So this is where you have to team up and do projects. On Disc 1, for example, at the end of ‘Liederkreis’, there are six songs without any opus numbers given. You could begin by looking those up. Oh dammit, I’ve already done that for you, in the header ‘ oh, I could kill myself. Then you could look for translations, you could look up the dates, you could find out who the poets were ‘ unless they’re actually in Schumann’s title ‘ Berlin Classics don’t let on. You could try to puzzle out why the programmes have been put together the way they have. You could even try to answer the riddle of why just under half the ‘Myrthen’ cycle op.25 is presented higgledy-piggledy over two discs. I’m telling you the cycle’s called ‘Myrthen’, by the way, they aren’t. For texts, poets, translations and dates, incidentally, your first port of call is likely to be Emily Ezust’s wonderful lieder site.

The question of who the poets were would be important in any case, but if I’ve understood anything, they are actually the basis behind the way the programmes are chosen. CD 1, in fact, is entirely dedicated to Heine. That’s what three of the ‘Myrthen’ songs are doing here ‘ it’s a composite cycle, setting a number of poets. So your next project might be to work out what struck Schumann particularly about Heine, leading to ‘Dichterliebe’, generally acknowledged as his greatest cycle. But he didn’t only choose lovelorn lyrics about the ‘wonderful month of May’ and the ‘Lotus bloom’ ‘ the range extends to the bizarre mini-cycle about ‘Poor Peter’. In Hyperion’s Volume 5 Graham Johnson draws a chilling parallel between Poor Peter’s madness and Schumann’s fears at the time ‘ ultimately justified ‘about his own growing insanity. Just to give you an idea of the wealth of material available, by the way, that Hyperion disc, beautifully sung by Christopher Maltman, is also dedicated to Heine settings and the programmes are by no means parallel.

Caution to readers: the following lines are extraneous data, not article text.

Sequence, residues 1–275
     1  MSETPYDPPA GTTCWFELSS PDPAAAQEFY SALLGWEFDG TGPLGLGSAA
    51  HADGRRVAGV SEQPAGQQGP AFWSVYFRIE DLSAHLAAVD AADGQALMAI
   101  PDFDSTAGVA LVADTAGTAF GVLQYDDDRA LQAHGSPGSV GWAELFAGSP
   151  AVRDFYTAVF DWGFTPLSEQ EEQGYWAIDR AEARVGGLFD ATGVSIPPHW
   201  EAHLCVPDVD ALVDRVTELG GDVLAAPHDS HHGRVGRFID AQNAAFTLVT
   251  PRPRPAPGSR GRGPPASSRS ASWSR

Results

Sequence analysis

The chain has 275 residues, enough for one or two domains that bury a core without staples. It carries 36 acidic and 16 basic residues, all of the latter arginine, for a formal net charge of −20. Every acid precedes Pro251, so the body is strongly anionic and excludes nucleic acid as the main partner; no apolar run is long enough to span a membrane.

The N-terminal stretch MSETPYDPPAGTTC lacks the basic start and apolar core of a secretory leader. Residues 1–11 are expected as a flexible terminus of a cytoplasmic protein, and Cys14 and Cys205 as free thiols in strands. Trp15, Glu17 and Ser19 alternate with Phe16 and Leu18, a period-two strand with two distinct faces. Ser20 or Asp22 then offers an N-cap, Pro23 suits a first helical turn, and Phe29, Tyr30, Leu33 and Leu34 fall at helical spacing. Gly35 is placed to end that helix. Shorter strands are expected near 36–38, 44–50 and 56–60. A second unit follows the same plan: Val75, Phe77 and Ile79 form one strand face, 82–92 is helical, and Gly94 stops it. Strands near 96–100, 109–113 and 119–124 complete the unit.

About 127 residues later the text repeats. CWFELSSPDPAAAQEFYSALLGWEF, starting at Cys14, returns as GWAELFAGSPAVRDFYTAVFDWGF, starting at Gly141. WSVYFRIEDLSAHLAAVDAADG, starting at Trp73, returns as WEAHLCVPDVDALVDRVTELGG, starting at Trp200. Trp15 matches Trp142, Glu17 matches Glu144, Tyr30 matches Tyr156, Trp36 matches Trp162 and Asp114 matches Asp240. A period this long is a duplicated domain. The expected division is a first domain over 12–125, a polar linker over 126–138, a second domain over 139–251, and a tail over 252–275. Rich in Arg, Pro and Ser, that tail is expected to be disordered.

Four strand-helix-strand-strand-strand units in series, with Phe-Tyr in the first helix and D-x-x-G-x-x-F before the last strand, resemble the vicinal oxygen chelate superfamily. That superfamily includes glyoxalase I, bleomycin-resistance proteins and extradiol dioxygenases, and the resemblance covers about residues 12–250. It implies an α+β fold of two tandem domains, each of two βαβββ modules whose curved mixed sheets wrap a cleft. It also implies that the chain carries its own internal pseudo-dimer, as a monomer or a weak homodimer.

CD2 begins with the more famous of the two cycles entitled ‘Liederkreis’ and here the poet is named in Schumann’s title ‘ Joseph von Eichendorff. This is a name that crops up again and again in the lieder repertoire. A website tells me that no poet has been more frequently set to music on account of his lyric, almost folk-like simplicity. A singer of spring and nightingales and ‘Waldeinsamkeit’, he inspired Schumann’s most warmly romantic cycle. Eichendorff also frames the selection of seven songs which follows – his poems appear in the first and in the last two. In between are various poets, including Reinick whom we also meet in Brahms. I suppose the idea is to show that they all belong to the same school.

The short Geibel set is followed by another five settings of the same poet. Here the mood is quite different ‘ I get the idea that these very decently-filled CDs may be grouping together a larger number of tightly-programmed if ungenerous LPs. Geibel, at least in this selection, is concerned with picturesque characters and strong colour. Four of the pieces are based on Spanish poems and the three op. 138 songs are from Schumann’s ‘Spanische Liebeslieder’. I suppose ‘character’ and ‘colour’ are also the justification for rounding off the disc with two Gypsy songs from Schumann’s ‘Lieder-Album für die Jugend’.